This has always seemed ludicrous to me.  Think of all the extra gas used to go to all those different locations.  You also have to factor an addition 10 minutes at each store just for parking and walking into the store.  The time to exit depends on the lines.  So you are looking at a minimum of 10 15 minutes to as much as 30 minutes per store.  Since you have to walk around each store to get the items, your total walk time is much higher.  The end result is that a 1 hour grocery shopping trip might take 4 hours going to 4 different stores.

If you know your gas mileage, figure out how many miles you are driving for all these extra stops.  Figure out the cost of gas based on the current gas price.  If it takes 4 hours you have taken 3 more hours that it could have had you gone to one store.  Say you make 10 dollars an hour.  Your groceries have just cost you an addition 30 dollars.  Then add the gas cost.  Add that to your total receipts from the 4 stores and you have your REAL cost.

I know that some items are cheaper at Wal-Mart.  So I wait to get them when I’m in there, usually once a week whether I want to be or not.  I carpool with my roommate and sometimes he make a stop there. 

If I need to go to the grocery, I focus on the stuff I know is better priced there. 

I recently discovered that Target’s ready to eat soups are cheaper than both Wal-Mart and the Grocery.  I don’t make a special trip and use extra time and gas.  But it I’m going there for something I need and I know is only available at Target, I will also hit the grocery section for those items Target has cheaper.

By working it in with needed trips, I’m not wasting time and gas driving all over town on one day to get groceries. 

The other option is to do that notebook thing, tally the numbers at the bottom, and use whichever store has the over all lowest costs as the primary grocery store, thus saving the 30+ extra dollars in time and gas.

Farmers’ Markets vs Grocery Stores

Posted in Economics, Economy, Food, Life, Uncategorized with tags , , , , , on September 24, 2010 by urbannight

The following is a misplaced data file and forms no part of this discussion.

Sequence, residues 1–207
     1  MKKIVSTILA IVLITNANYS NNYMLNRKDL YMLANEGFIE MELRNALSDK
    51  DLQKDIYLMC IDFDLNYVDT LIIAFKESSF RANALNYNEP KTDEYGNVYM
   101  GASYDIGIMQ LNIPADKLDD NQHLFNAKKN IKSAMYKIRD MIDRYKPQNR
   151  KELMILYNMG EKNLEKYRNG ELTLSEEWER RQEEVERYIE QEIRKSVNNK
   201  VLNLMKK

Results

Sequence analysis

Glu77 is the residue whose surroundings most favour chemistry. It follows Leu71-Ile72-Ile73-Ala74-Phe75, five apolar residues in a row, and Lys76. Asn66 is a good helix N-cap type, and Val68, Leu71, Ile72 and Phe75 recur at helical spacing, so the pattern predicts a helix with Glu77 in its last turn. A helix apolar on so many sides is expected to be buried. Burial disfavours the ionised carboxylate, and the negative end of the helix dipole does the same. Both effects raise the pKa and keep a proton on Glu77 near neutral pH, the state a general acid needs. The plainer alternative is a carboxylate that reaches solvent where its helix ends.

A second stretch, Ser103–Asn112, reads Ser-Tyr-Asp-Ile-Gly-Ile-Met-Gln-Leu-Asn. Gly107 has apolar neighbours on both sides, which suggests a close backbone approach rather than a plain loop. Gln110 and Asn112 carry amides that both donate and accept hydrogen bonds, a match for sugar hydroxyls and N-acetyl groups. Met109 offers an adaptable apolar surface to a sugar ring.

I remember going out to the local fields (back home, not around the current city) and paying a flat price per basket.  You then got to pick your own fruits and veggies until you filled your basket or baskets. 

Then you got your farmer’s markets which did the picking for you.  But since there were no transport fees to the stores, they could undercut the store prices and you bought your fruit and veggies at a much better rate than the grocery store.

Now you go to the farmer’s market and (aside from a few veggies) you pay more than at the grocery store.  They don’t want to bother with pricing anything under a dollar.  So a bundle of green onions costs a dollar at the farmer’s market but only .80 cents at the store.  A fruit pie costs 18$ while fresh made at the bakery it costs 8$.  A jar of salsa costs 5$ but usually just under that at the store. 

Buying locally has now become something pretentious.  Everything costs more than at the store so if you do all your produce shopping at the farmer’s markets you have to have a bigger grocery budget.  Looking around at the people you see a lot of people in more expensive casual wear. 

Farmer’s markets have become the “thing to do” for the richer people.  As a result, the vendors have raised their prices.  And now it’s more affordable for me to shop the grocery store sales than to buy locally.

Somewhere, buried in this phenomenon, is a statement on where society is heading.  I’m just not sure yet how that statement reads.